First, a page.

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Still writing, after all these years

Simon changes course with 'You're the One'

Unlike his albums of the past 17 years, Paul Simon's latest, "You're The One" follows no particular theme  

NEW YORK (CNN) -- Paul Simon broke some old ground this week with the release of "You're the One."

The CD is the first disc Simon's released in 17 years that's not dominated by a theme or concept. "Graceland" (1986), for example, is marked by South African influences. "Rhythm of the Saints" (1990) is known for its Brazilian undercurrents.

This time, says Simon, the 11 songs on his latest effort are linked only by "their flow and shape."

Simon, who'll be 60 on October 13, recently rehearsed with his 11-piece touring band at a sound stage just blocks from the Brill Building, where he and his teen-aged pal, Art Garfunkel, tried to get their songs published in the late 1950s. He took a few moments to reflect on music, touring and his latest album.

Simon performs 'Old' from his album, 'You're the One'

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CNN: You seem not to have lost a step as a songwriter. Has writing songs always been relatively easy for you?

Paul Simon: Well, it has always been there: I don't know if it is relatively easy; sometimes it is hard. This album was particulary easy. though. It was easy in a sense that it came very quickly, and that is unusual for me. But -- I don't know -- I guess I have experienced periods of block, writers block. ... Every time I finish and a year goes by ... I'll wonder if I will have another idea.

CNN: Does this album have some sort of underlying theme, or is it just a collection of diverse songs?

Simon: Oh, I don't know. ... It is, of course, what I learned -- what has come out and what experiences come out. But most of it is just imaginary, you know.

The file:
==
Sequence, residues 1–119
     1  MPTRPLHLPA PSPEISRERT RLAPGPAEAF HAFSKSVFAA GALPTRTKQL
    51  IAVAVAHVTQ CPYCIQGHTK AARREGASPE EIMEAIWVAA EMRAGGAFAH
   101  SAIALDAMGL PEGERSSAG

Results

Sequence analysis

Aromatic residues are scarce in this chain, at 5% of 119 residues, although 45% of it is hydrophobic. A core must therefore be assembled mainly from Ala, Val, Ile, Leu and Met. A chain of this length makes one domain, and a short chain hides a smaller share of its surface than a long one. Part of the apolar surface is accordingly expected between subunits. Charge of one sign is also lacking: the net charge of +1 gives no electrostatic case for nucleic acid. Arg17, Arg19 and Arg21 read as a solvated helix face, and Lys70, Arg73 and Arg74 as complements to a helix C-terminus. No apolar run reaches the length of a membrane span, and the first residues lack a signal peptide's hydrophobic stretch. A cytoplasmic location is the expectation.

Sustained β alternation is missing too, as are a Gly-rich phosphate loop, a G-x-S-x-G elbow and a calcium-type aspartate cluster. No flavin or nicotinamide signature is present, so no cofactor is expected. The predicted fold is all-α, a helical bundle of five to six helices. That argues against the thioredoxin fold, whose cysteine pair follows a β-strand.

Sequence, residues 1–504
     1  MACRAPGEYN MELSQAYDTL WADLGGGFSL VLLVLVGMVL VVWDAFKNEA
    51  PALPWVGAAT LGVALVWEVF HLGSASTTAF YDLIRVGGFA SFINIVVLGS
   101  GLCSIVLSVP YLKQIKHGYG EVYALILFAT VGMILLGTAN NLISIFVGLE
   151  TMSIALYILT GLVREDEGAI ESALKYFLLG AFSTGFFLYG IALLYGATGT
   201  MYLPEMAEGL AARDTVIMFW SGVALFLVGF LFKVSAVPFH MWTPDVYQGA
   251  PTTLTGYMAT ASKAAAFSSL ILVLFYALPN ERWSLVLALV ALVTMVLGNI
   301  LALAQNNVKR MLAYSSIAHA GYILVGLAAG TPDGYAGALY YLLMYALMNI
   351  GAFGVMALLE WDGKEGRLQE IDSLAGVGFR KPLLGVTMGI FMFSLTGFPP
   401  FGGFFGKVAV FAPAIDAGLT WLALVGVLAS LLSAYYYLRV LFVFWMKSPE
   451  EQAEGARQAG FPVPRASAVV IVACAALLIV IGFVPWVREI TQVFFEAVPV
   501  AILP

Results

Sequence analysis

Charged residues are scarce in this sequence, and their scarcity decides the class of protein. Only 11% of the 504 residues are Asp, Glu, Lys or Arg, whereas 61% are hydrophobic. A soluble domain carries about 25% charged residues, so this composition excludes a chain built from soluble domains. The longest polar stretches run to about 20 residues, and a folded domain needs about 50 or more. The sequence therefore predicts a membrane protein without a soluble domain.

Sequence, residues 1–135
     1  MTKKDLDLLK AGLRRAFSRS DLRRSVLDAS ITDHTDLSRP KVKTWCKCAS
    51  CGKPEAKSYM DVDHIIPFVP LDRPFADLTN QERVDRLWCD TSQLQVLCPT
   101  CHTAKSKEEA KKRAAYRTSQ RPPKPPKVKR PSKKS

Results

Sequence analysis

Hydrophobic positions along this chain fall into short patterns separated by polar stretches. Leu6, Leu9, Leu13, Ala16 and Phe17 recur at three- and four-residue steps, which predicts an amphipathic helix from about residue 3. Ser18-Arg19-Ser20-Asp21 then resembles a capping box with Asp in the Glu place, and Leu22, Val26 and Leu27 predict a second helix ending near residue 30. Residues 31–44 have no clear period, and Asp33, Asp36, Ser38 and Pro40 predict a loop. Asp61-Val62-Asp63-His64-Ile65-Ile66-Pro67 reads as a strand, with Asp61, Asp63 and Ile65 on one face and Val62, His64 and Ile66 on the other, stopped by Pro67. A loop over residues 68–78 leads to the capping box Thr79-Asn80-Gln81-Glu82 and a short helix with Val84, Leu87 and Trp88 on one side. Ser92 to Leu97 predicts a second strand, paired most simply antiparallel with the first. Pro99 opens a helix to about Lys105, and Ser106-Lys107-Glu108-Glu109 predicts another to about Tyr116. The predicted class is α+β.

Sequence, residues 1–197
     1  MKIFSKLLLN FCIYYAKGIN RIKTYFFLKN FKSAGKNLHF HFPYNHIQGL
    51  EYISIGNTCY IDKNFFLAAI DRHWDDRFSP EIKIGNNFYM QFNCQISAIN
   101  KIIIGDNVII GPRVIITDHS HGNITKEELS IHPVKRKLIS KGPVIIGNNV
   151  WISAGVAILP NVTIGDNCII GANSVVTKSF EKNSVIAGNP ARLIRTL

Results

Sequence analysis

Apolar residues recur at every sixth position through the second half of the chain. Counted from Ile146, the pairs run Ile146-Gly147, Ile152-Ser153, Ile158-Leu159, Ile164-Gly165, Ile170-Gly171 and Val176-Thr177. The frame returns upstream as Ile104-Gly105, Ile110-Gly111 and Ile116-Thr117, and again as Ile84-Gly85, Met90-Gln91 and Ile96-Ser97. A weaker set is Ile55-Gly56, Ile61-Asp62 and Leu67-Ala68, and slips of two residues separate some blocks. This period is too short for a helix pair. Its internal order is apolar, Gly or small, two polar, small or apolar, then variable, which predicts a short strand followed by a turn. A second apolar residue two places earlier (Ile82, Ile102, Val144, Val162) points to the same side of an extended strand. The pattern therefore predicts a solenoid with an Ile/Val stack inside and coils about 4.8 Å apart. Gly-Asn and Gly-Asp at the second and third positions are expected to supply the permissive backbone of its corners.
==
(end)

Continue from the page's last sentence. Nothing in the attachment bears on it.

(T)here isn't a theme except that ... the music has a flow and a shape and ... I was very conscious of that -- that it should have a shape, and that it should be able to be listened to as an entire piece of 44 minutes, and that you won't be bored.

CNN: The sequencing of the tracks has something to do with it?

Simon: The sequencing, and the color, and keys and tempo. And there are a lot of elements that play into what keeps our attention span from exploding and dissappearing. ... So I was keeping an ear our for that -- trying my best.


CNN: So people will say, "This CD is just a collection of songs."

Simon: That's essentially true. It's not about any other culture. It's about stories, and has much more of me playing the guitar than it has in the last ... decade-and-a-half. It's a collection of songs; that's right.

CNN: Did you learn anything when you toured on a shared bill with Bob Dylan?

Simon: That was a lot of fun. ... I'm not sure that I learned anything. I hadn't toured in a long time before that. It was good to go out and get in front of an audience again. ...

We're different, but there's something that made a lot of sense for the pairing (of us). ... I liked his band, he liked my band, I liked singing duets with him; they were hilarious. ... For a brief amount of time that was fun, and maybe we'll do it again sometime.

CNN: You're doing a fall swing through Europe, is that the understanding?

Simon: Yeah, I am going to go and do about seven weeks of touring. ... I haven't been and played in Europe in 10 years. And then I will come back and play in the (United States) a little bit. It is not a big tour.

CNN: Will this culminate in a PBS special of some sort?

Simon: They're going to shoot the shows that we do in Paris and that will be shown on PBS.

Simon's album was released on the Warner Bros. label and, like CNN, is a part of Time Warner.

Rock hall of fame names potential inductees
September 19, 2000

Paul Simon

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